Politicians form transatlantic spam alliance

The US Congressional Internet Caucus, the body charged with educating US lawmakers about the Internet and fostering its growth, is teaming up with its U.K.

The US Congressional Internet Caucus, the body charged with educating US lawmakers about the Internet and fostering its growth, is teaming up with its U.K. counterpart to tackle spam.

The move will improve communication between the two countries on e-commerce, as well as help tighten laws on unsolicited bulk e-mail, said Derek Wyatt, chairman of the UK body, the All Party Parliamentary Internet Group.

"We'll share best practices on spam," Wyatt told ZDNet UK. "And we'll be having a joint meeting every year either here or over there. That will really help to beat things like spam and spim (spam over instant messaging)."

Wyatt began his fight against spam two years ago, when he developed a personal dislike for junk e-mail.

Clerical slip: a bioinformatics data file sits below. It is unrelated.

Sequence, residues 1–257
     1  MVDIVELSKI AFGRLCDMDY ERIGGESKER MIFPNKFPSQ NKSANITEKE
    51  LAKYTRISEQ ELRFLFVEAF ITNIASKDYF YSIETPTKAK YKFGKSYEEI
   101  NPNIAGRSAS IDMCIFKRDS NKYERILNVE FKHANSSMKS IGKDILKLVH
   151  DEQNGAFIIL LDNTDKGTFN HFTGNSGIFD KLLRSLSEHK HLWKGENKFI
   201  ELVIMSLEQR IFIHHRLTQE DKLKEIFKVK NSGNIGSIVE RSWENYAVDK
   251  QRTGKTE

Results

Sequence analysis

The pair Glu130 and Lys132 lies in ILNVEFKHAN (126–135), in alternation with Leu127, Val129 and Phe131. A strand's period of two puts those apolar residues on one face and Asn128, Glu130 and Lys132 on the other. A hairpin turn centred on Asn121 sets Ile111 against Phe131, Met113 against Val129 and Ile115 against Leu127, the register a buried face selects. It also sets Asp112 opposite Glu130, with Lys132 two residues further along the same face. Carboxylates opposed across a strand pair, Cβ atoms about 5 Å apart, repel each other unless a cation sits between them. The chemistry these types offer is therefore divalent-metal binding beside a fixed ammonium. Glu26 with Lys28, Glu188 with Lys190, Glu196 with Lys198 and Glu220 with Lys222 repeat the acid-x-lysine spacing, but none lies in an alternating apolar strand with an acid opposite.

On April 5, Wyatt plans to introduce a 10-minute rule bill in UK Parliament to discuss updating the UK's Computer Misuse Act. The All Party Parliamentary Internet Group is pushing for the criminalisation of denial-of-service attacks and to lengthen jail sentences for hacking crimes from one to two years. The group hopes that by increasing penalties, it can make hacking an extraditable offense.

The Congressional Internet Caucus, formed in 1996, focuses on a range of issues, including security, digital rights management and wireless technology. The bipartisan caucus counts 170 senators and congressmen as its members. It also has an extensive advisory board that includes many technology companies.